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    The changes are certainly not abandoned - they are invented. I have NEVER liked the idea of deconstruction. My concept of free music is all about construction. You can create harmony for the other voices, or even create sequences that "lead" them. You can also work with textural material instead - if you look at some of the more successful work between William Parker with Hamid Drake (http://www.amazon.com/gp/product/B0..._m=ATVPDKIKX0DER&pf_rd_r=0N1ERQB2FQV2TBZ254G3) or ANY Peter Kowald with Baby Sommer (http://www.amazon.com/Cappuccini-Ko...6&sr=1-3-catcorr&keywords=klang gianni gebbia).

    You can focus on movement more than harmony, but I really like hearing the harmonic movement in these sort of Free-bop situations.
    I'd recommend not playing modally unless you can afford Pharaoh Saunders or Archie Shepp. Even then - give them some harmony to work with!
  15. afroblue

    afroblue

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    I'm thinking in particular Ron Carter with the Miles quintet. I transcribed the bass on the head to Pinocchio, and I can see that in typical Ron style, he plays through them in a way I don't hear others doing. He obscures the changes with chromatics approaches on strong beats, uses wide intervals, and interesting choices of note that serve a melody instead of a root to root based approach.

    I haven't looked at the solo section yet but would I be right in saying then that he takes something from the chord/harmony to begin - a note, (or sequence like you say), and he has the freedom to play off that? The sound of a chord changes pretty substantially if the 2nd for example is on the bottom, it may alter the chord but there are still changes, albeit made on the fly?
  16. meandering

    meandering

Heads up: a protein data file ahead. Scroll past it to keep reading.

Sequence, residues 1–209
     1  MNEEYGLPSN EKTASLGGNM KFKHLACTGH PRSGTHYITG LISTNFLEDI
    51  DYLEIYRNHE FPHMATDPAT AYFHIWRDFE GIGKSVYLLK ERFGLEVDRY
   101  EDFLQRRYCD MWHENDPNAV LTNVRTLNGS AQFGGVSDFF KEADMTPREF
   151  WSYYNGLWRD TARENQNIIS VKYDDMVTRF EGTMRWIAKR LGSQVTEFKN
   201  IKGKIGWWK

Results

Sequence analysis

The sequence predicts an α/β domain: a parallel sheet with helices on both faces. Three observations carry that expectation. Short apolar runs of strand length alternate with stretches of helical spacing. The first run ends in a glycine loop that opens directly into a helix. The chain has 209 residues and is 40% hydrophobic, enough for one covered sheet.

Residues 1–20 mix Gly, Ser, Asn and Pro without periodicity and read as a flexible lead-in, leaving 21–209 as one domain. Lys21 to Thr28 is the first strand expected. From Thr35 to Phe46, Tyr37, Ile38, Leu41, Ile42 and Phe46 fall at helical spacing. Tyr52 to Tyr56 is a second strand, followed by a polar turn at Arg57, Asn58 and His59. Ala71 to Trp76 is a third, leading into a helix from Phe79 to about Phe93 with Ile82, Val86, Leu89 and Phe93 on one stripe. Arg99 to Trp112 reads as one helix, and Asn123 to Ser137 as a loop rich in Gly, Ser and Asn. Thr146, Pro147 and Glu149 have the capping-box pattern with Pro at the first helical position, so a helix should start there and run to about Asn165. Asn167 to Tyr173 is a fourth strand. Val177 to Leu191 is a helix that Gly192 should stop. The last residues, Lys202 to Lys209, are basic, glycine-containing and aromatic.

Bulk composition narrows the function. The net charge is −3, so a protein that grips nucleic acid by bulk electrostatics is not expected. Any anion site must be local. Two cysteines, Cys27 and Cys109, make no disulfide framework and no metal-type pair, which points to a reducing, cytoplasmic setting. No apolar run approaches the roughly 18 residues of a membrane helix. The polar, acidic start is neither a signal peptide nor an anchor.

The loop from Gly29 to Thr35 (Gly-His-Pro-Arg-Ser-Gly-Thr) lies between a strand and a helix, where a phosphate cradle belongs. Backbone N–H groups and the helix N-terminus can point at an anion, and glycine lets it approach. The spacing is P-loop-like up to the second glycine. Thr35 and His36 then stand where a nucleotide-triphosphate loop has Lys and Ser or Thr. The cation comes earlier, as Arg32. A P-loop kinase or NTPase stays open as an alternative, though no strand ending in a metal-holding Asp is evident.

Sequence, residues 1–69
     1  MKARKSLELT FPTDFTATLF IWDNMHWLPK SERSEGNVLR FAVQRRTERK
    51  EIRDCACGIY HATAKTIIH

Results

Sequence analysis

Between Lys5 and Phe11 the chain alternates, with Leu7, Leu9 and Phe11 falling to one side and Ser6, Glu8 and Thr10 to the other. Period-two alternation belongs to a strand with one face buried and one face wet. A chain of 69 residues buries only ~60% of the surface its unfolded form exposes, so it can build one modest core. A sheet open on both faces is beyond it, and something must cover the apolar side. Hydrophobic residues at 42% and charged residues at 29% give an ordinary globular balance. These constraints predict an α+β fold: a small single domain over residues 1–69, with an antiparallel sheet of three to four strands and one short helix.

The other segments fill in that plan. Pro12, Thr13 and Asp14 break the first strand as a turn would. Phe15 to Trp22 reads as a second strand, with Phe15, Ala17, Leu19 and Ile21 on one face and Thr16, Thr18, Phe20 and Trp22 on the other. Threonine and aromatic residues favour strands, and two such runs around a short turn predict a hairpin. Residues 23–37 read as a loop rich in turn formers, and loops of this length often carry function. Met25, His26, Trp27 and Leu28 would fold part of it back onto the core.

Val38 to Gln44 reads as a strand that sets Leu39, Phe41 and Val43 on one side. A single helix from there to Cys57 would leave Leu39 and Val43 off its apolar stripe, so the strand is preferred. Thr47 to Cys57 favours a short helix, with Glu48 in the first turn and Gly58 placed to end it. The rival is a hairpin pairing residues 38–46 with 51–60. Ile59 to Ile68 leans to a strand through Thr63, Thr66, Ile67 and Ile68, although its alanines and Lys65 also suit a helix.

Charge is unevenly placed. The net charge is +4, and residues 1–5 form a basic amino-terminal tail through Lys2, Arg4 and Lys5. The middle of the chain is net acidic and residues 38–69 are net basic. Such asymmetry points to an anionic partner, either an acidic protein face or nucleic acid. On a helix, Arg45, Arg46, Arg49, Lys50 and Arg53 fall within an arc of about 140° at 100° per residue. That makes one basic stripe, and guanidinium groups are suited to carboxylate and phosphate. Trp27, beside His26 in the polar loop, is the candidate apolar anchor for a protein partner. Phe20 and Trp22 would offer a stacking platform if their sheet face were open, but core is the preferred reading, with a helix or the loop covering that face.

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    It has been a long time since I checked this tune out, so keep that in mind. but, if memory hasn't failed me, Ron Carter is quite tonal on the head (can't speak for the solos). If you check Herbie's voicings, the bass is reharmonizing them. I remember being blow away by this track back in school. Amazing stuff.

    Anyway, I guess my point is that I wouldn't consider "Pinocchio" a good example of time-no changes (will try to listen tonight to confirm). I think "Hand Jive" is a better example and equally viscous (Tony kills on this!). For a slightly different take on time-no changes, I think that the Dave Holland-Barry Altschul hook up is very special. Try Anthony Braxton's "New York Fall 1974". It's hard to say Dave Holland is underrated but I don't think his 70's work gets the praise it should (yes, I know Conference of the birds is great...). when he and Barry Altchul show up, it's bad. They played with Braxton, Sam Rivers, Chick Corea, as well as their own records...
  17. afroblue

    afroblue

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    I was reading about Pinocchio in the book by Keith Waters on the Miles Quintet and he said that Herbie was the only soloist to play off the changes - Herbie also was comping behind Shorter until bar 16 of the sax solo where he drops out, leaving everyone else to play "time no changes."


    Changes from the recording

    Ebmi6/9 | Ami9 | Dbmi6/9 | Ami9 |
    Bbmi9(maj7) | sim... |Gmi9(maj7| sim |
    C13 |Bmi9 |Ebmi6/9 | sim |
    F#13sus |Emi9 | F13 (#11) | C7alt (Gb13)|
    Gbmi9(maj7)/B13(#11)| sim..|

    I've attached the bass part to the head (prob a mistake or 2 or in in there)..

    Attached Files: